Hello from Amsterdam!
Originating in Ancient Greece during the olympics, the long jump is part of the field events during track and field competitions. The event includes a sand pit that is connected to a runway. Competitors are tested on their ability to jump a far distance from the line drawn at the
beginning of the pit to whatever point they are able to reach.
Participants are expected to do so by running as quickly as possible down the runway and jumping. According to the European Athletic Championships men doing this event at the higher levels of competition are recorded at running up to 40 km/h on the runway prior to jumping. Also according to the European Athletic Championships the favorites among the men competitors are Greg Rutherford from Great Britain and for women Karin Melis Mey from Turkey. The long jump finals for the European Athletic Championships will occur on July 7th and 8th. Other than the Championship games taking place in Amsterdam this summer and the summer Olympic Games, the long jump is also played at the middle school and high school levels in many countries throughout the world. However, concerning the Olympic Games the United States has maintained dominance among the Men's division with jumpers such as Dwight Phillips. Concerning women's competition the German Olympian Heike Drechsler has become iconic with winning two Olympic medals while setting world records.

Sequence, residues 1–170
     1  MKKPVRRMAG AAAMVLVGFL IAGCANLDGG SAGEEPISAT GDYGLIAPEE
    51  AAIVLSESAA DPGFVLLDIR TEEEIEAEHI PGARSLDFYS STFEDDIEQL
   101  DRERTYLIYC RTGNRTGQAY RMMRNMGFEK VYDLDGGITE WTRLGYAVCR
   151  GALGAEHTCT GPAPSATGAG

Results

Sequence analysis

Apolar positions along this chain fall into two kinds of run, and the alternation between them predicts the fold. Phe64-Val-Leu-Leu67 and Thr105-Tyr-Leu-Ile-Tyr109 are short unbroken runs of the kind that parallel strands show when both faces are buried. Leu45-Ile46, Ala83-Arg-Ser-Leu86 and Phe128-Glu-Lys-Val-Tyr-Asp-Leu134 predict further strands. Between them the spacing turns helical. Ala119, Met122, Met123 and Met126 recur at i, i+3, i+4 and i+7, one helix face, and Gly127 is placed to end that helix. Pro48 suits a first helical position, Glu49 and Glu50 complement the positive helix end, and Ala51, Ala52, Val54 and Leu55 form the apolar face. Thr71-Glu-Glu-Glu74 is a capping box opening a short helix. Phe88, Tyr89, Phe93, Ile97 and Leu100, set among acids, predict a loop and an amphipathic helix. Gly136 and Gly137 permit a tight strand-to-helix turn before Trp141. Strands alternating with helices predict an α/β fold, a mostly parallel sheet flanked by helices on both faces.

Unfortunately, we have yet to start our volunteering with the EAC games, but we have been learning a lot about the culture around Amsterdam and the rest of Holland. Today we started our morning by taking the tram into Central Station, which is located near the end of the city of Amsterdam. We then met our bus that took us to the Alkmaar cheese market, which was about a 50 minute drive. There we got a true taste of the culture in Holland outside of Amsterdam.
We tried many homemade cheeses and learned all about the use of the windmills in their early development. During the 16th century the windmills were created to pump water out of lake areas to create dry land for the Dutch to farm, build, and live on. The saying among the Dutch is "God made the world, but the Dutch made Holland".